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The biggest-sized junkyard in the world orbits it, and a University of Alabama in Huntsville (UAH) aerospace systems engineering graduate student says it's time to get active about reducing the debris field before we reach a tipping point beyond which we may not be able to do much.

 

"Debris is the hot topic that nobody wants to touch," says Tom Percy. Percy is the primary author with his advisor, UAH Mechanical & Aerospace Engineering professor Dr. D. Brian Landrum, of a paper that outlines methods and policies that could be employed to mitigate space debris.

"I saw a need in the space community, with my systems engineering background, to walk people through the thought processes of how you apply a systems engineering approach to policy questions," Percy says. "How do we bring the discussion to a subset of solutions we can ultimately implement?"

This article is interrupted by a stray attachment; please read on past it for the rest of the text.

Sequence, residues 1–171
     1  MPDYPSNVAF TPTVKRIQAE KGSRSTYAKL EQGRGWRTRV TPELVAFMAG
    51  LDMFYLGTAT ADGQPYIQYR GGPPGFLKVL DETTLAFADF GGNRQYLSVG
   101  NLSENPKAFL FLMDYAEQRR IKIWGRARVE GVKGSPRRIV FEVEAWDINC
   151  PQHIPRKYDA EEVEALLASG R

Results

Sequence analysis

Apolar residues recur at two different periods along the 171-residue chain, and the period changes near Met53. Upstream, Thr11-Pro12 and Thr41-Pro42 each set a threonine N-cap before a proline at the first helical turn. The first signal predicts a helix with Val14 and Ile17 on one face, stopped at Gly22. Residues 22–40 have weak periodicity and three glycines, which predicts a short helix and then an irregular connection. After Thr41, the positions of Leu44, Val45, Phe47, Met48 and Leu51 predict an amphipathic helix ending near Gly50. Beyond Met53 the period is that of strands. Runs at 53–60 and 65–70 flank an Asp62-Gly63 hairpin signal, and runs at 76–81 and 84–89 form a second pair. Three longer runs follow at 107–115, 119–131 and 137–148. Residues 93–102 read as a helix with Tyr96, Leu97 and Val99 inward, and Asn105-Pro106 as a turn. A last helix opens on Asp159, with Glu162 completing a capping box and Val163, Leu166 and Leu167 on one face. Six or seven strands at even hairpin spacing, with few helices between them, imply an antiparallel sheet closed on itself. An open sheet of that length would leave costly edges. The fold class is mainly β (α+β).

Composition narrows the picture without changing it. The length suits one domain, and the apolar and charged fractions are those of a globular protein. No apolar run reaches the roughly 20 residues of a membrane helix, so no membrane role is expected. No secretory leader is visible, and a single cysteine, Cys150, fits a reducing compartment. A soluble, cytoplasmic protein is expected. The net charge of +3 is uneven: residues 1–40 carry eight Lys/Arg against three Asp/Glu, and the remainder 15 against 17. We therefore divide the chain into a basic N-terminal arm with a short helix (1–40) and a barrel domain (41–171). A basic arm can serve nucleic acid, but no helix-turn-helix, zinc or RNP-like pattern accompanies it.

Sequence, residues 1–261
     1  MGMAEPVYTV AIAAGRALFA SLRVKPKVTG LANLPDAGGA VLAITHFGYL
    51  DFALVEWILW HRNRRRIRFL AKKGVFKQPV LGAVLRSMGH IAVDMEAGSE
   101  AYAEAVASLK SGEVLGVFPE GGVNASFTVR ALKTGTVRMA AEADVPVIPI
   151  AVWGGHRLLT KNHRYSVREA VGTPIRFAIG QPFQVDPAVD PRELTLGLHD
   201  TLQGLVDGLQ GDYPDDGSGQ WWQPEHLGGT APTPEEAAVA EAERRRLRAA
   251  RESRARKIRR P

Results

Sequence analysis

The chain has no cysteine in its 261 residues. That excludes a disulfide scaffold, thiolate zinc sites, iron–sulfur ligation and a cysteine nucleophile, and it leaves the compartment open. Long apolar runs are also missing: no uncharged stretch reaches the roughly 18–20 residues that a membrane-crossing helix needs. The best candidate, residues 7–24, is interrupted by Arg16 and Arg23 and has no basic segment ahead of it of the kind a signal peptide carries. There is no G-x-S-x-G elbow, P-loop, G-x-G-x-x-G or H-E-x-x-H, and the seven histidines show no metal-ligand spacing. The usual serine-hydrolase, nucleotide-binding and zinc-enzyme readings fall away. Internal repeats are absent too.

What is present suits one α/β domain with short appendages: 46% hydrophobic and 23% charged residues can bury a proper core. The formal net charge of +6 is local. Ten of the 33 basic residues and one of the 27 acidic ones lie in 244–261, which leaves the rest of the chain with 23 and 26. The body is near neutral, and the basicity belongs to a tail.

In early April, according to news reports, the International Space Station (ISS) had to change position to avoid a space debris field of parts from an old Ariane 5 rocket launched by the European Space Agency that came within 1,000 feet of the station. It was the second time in three weeks ISS had to sidestep space junk.

Everything that gets shot into low Earth orbits eventually becomes junk -- even, one day, ISS itself. It's just a matter of time.

he biggest-sized junkyard in the world orbits it, and a University of Alabama in Huntsville (UAH) aerospace systems engineering graduate student says it's time to get active about reducing the debris field before we reach a tipping point beyond which we may not be able to do much.

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